Scientists have created an artificial intelligence (AI) system that can analyze eye scans taken during a routine visit to an optician or eye clinic and identify patients who are at high risk of having a heart attack. Changes in the tiny blood vessels in the retina have been identified as indicators of broader vascular disease, including heart problems.
Deep learning techniques were used in the study, led by the University of Leeds, to train the AI system to automatically read retinal scans and identify those people who were likely to have a heart attack in the following year.
Deep learning is a complex set of algorithms that allows computers to recognize patterns in data and predict outcomes. The researchers report in the journal Nature Machine Intelligence that the AI system had an accuracy of between 70% and 80% and could be used as a secondary referral mechanism for in-depth cardiovascular investigation. The application of deep learning to the analysis of retinal scans has the potential to transform the way patients are routinely screened for signs of heart disease.
This technique has the potential to revolutionize cardiac disease screening. Retinal scans are relatively inexpensive and are commonly used in many optician practices. Patients who are at high risk of becoming ill as a result of automated screening may be referred to specialist cardiac services. The scans could also be used to detect early warning signs of heart disease.Professor Alex Frangi
The study was overseen by Professor Alex Frangi, who holds the Diamond Jubilee Chair in Computational Medicine at the University of Leeds and is a Turing Fellow at the Alan Turing Institute. “Cardiovascular diseases, including heart attacks, are the leading cause of premature death worldwide and the second-leading cause of death in the UK,” he said. This causes chronic illness and misery all over the world.
“This technique has the potential to revolutionize cardiac disease screening. Retinal scans are relatively inexpensive and are commonly used in many optician practices. Patients who are at high risk of becoming ill as a result of automated screening may be referred to specialist cardiac services. The scans could also be used to detect early warning signs of heart disease.”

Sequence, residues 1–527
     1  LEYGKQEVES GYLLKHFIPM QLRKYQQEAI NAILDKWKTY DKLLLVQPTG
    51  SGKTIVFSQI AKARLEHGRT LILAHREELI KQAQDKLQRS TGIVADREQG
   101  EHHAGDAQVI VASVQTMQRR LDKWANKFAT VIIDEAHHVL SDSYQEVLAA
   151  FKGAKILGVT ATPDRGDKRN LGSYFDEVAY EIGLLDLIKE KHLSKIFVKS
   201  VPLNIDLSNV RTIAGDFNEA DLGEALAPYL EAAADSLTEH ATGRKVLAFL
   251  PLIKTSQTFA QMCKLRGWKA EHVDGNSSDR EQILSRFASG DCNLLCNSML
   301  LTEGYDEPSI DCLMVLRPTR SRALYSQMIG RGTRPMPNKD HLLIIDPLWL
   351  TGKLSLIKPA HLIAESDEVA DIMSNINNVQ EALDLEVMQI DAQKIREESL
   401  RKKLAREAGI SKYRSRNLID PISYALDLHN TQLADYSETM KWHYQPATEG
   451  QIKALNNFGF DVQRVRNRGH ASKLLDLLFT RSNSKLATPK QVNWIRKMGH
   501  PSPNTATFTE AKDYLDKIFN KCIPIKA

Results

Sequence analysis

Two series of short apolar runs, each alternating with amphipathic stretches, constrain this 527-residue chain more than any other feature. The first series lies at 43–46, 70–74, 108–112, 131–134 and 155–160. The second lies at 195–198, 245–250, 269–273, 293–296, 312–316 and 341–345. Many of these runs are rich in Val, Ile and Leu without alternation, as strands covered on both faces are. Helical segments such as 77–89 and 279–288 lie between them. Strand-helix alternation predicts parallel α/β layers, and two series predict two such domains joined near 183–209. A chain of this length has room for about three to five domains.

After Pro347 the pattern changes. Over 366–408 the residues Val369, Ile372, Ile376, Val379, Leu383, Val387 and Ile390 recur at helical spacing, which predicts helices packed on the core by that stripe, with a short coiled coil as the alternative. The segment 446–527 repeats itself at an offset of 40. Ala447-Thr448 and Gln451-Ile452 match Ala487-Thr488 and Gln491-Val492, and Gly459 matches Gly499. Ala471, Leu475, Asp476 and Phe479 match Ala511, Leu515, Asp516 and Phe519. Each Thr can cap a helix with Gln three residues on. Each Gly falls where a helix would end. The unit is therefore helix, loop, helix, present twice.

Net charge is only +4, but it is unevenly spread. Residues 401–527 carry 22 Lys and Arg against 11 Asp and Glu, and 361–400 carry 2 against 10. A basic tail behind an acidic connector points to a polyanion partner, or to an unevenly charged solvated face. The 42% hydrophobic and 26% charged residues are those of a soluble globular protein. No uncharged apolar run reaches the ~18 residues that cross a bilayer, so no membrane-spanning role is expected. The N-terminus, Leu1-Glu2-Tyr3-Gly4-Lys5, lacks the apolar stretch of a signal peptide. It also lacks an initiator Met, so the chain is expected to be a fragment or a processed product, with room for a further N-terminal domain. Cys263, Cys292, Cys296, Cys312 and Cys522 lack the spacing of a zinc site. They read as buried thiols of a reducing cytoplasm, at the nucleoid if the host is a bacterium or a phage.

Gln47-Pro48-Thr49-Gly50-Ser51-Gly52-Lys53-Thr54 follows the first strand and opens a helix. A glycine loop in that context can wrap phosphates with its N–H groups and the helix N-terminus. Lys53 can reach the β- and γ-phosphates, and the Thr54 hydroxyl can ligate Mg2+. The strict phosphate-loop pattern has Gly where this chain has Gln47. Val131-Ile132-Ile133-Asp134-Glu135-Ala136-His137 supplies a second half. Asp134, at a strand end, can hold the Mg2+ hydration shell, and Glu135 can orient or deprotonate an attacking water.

Scientists, engineers, and clinicians from the University of Leeds, Leeds Teaching Hospitals NHS Trust, the University of York, the Cixi Institute of Biomedical Imaging in Ningbo, part of the Chinese Academy of Sciences, the University of Cote d’Azur, France, the National Centre for Biotechnology Information and the National Eye Institute, both part of the National Institutes of Health in the United States, and KU Leuven in Belgium collaborated on the study. The data for the study came from the UK Biobank.
One of the study’s authors was Chris Gale, Professor of Cardiovascular Medicine at the University of Leeds and Consultant Cardiologist at Leeds Teaching Hospitals NHS Trust. “The AI system has the potential to identify individuals attending routine eye screening who are at higher future risk of cardiovascular disease, allowing preventative treatments to begin earlier to prevent premature cardiovascular disease,” he said.
During the deep learning process, the AI system examined over 5,000 people’s retinal and cardiac scans. The AI system discovered links between pathology in the retina and heart changes in the patient. Once the image patterns were learned, the AI system could estimate the size and pumping efficiency of the left ventricle, one of the four chambers of the heart, based solely on retinal scans. An enlarged ventricle is associated with a higher risk of heart disease.
The AI system could predict the patient’s risk of a heart attack over the next 12 months using information on the estimated size of the left ventricle and its pumping efficiency, as well as basic demographic data such as age and gender.
Currently, details about a patient’s left ventricle’s size and pumping efficiency can only be determined through diagnostic tests such as echocardiography or magnetic resonance imaging of the heart. These diagnostic tests can be costly and are frequently only available in a hospital setting, making them inaccessible to people in countries with less well-resourced healthcare systems – or increasing healthcare costs and waiting times in developed countries unnecessarily.
“The AI system is an excellent tool for unraveling the complex patterns that exist in nature, and that is what we have found here — the intricate pattern of changes in the retina linked to changes in the heart,” said Sven Plein, British Heart Foundation Professor of Cardiovascular Imaging at the University of Leeds and one of the study’s authors.